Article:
Make Money by Learning How to Compare Dogs in Greyhound Races

Greyhound Races

Greyhound handicapping is mostly just comparing one dog to another and figuring out which one is faster, better and more likely to win. It sounds so simple when you put it like that, but when you actually put it into practice, it gets more complicated. The first and most important question you have to answer before you do any comparisons is this: What exactly are you comparing to what?

Most people would probably say that it's simple. You're just weighing each dog's factors against the same factors for the other dogs. Speed, post position, running style - all the usual suspects. But that's not really an explanation for how you're going to do that. For instance, let's take speed.

First, of course, we have to define what we mean by "speed" in greyhound races. Right there, if there are two people in a room, you'll get two different answers for what speed really is. Is it how fast the greyhound ran in its last race i.e. its time? Is it the greyhound's average speed? Or is it that dog's speed only in that grade at that distance?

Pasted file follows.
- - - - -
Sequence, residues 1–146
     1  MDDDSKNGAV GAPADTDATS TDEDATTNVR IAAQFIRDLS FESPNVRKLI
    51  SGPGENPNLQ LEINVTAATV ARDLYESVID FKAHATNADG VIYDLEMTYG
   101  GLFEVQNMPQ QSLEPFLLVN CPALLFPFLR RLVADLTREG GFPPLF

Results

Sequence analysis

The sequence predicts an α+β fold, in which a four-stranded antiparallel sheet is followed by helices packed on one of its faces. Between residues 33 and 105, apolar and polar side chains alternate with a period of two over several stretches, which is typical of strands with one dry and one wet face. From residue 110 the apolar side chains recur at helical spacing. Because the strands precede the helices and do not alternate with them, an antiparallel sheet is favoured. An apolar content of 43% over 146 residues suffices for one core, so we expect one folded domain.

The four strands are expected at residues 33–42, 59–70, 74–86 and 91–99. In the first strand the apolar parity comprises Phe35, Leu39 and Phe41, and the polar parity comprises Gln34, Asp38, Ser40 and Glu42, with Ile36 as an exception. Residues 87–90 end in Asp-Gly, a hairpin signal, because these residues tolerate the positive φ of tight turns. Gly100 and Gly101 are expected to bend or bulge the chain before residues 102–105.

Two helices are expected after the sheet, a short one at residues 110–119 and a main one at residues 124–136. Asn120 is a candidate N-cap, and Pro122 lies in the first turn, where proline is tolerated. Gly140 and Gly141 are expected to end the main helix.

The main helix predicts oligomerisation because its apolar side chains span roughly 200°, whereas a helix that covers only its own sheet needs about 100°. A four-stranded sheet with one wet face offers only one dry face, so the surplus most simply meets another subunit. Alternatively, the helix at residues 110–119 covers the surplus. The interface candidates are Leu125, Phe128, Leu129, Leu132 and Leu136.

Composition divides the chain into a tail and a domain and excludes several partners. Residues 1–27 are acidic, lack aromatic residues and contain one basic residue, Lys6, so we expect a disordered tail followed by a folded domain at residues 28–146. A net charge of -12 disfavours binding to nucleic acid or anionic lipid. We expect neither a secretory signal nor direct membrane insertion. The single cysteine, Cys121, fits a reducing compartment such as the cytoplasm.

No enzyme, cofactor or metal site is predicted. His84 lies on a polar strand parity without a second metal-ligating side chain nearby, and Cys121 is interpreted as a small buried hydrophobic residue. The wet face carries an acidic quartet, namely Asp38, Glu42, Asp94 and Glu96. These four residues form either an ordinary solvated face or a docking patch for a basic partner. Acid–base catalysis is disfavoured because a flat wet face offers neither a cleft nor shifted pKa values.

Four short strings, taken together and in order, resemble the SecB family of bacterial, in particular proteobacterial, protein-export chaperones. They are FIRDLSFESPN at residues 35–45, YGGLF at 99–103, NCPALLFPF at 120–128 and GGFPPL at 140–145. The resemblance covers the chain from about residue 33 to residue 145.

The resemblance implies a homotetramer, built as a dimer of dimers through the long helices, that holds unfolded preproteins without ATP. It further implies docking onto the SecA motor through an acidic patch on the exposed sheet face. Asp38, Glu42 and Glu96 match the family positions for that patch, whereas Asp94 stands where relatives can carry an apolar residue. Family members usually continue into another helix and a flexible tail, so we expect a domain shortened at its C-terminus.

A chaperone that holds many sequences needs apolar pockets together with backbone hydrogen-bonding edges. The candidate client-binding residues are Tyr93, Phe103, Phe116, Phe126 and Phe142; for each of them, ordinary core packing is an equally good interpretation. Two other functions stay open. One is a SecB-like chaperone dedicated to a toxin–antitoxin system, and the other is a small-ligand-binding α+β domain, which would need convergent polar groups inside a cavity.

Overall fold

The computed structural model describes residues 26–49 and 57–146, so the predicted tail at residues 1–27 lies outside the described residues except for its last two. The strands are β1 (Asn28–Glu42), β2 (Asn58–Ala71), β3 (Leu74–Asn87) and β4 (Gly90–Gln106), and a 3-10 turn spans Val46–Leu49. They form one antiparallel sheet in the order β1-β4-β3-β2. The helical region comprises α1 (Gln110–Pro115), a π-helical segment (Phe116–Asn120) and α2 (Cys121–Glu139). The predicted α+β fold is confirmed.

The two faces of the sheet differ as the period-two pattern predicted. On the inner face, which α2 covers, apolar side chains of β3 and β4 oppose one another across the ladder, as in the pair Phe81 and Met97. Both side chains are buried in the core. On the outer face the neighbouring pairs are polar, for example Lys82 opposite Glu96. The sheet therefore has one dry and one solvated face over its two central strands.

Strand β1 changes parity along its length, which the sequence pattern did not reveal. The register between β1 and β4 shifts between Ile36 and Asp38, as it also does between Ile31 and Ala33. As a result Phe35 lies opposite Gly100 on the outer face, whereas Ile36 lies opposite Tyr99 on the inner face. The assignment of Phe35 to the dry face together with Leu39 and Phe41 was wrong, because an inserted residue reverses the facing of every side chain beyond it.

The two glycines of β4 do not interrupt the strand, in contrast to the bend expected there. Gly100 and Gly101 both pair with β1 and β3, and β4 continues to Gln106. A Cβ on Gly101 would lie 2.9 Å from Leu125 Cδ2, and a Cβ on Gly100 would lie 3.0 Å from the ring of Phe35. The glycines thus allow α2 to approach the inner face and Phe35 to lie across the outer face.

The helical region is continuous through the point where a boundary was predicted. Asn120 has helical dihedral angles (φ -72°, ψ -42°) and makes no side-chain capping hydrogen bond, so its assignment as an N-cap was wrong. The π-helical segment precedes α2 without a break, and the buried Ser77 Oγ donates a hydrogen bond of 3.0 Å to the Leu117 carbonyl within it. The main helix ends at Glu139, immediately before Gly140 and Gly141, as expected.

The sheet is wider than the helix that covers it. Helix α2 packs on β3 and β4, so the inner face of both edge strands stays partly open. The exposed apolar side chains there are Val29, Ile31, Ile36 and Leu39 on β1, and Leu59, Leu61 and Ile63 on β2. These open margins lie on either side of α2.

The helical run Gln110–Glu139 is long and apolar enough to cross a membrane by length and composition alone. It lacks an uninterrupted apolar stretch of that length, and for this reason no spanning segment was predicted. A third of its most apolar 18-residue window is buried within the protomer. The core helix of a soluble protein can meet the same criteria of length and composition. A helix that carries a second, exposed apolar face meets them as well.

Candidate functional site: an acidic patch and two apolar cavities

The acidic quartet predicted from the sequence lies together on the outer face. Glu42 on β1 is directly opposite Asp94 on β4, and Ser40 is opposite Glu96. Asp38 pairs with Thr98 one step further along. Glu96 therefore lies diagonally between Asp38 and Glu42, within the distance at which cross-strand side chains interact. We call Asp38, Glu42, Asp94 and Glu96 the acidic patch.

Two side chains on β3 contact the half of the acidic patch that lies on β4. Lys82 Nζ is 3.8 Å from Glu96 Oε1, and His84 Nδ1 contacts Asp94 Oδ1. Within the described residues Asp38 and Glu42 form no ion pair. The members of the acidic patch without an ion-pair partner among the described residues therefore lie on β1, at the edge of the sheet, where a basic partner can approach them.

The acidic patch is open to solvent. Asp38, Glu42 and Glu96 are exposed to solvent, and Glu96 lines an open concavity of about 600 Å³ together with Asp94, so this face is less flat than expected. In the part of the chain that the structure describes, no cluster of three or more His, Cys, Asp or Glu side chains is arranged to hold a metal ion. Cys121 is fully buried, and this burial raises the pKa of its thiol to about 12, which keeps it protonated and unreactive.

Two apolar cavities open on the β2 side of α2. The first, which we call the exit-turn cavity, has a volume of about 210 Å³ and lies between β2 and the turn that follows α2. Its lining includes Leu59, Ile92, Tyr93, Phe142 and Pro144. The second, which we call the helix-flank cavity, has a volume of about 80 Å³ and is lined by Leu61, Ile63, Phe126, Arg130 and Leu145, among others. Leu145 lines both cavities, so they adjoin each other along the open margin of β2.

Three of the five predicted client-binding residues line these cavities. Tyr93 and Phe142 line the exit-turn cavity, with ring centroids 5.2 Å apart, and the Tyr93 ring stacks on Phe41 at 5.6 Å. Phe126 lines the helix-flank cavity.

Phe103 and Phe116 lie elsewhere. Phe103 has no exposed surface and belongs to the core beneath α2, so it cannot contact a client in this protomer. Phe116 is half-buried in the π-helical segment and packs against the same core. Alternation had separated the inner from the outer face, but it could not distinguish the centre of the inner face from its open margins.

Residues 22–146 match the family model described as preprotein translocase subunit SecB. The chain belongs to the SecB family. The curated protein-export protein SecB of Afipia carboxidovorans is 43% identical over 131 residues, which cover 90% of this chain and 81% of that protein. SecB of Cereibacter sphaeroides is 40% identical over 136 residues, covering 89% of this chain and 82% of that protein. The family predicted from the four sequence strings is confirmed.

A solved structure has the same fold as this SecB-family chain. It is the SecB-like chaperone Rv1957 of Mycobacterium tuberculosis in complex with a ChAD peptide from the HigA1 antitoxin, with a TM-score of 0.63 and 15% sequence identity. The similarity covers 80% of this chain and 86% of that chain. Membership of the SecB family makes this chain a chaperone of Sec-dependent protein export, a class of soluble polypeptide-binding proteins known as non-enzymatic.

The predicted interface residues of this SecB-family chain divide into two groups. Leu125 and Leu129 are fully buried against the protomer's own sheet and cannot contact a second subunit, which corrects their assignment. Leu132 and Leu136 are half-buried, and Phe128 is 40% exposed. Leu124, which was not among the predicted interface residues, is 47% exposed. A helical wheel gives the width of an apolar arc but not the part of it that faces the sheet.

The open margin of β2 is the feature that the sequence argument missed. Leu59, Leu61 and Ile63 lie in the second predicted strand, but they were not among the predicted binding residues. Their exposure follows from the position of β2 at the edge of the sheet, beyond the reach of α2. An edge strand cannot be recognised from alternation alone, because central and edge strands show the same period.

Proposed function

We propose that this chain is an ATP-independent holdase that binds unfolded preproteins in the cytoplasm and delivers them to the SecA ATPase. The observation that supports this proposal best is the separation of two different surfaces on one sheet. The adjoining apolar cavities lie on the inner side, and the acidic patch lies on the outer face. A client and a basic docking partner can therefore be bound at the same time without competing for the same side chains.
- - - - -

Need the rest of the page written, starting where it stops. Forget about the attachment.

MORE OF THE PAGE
Some people find "speed" by comparing a dog's time in its last race to the track record, to the best time the dog's ever had or to some speed rating that their handicapping software has come up with. While any and all of these methods have their merits, there's one thing that all of them are missing. What about the other dogs?

This is the basis of handicapping as far as I'm concerned. While I look at several speed factors, I know that all of them have to be evaluated against the same factors for the other dogs in THIS race. So, comparing a dog's last race time to the track record only applies if you do that with all 8 dogs in a race and then, somehow, come up with a way of giving each dog weight for that result.
I'm not saying that the above factor has any bearing on how well a dog will do in any given race.

What I'm saying is this: you have to compare each dog to the other dogs in the race, not to outside factors like that dog's best time that may have been a year or more ago and under a very different set of circumstances as far as track condition, running room and even weather are concerned.

The bottom line when you handicap a greyhound's possible performance in a race, is that you have to consider how it will do against the other 7 greyhounds in this race. How it did in the past and all the other information you have about this dog is only relevant as far as it has an impact on the race it and the other 7 greyhounds are running today.

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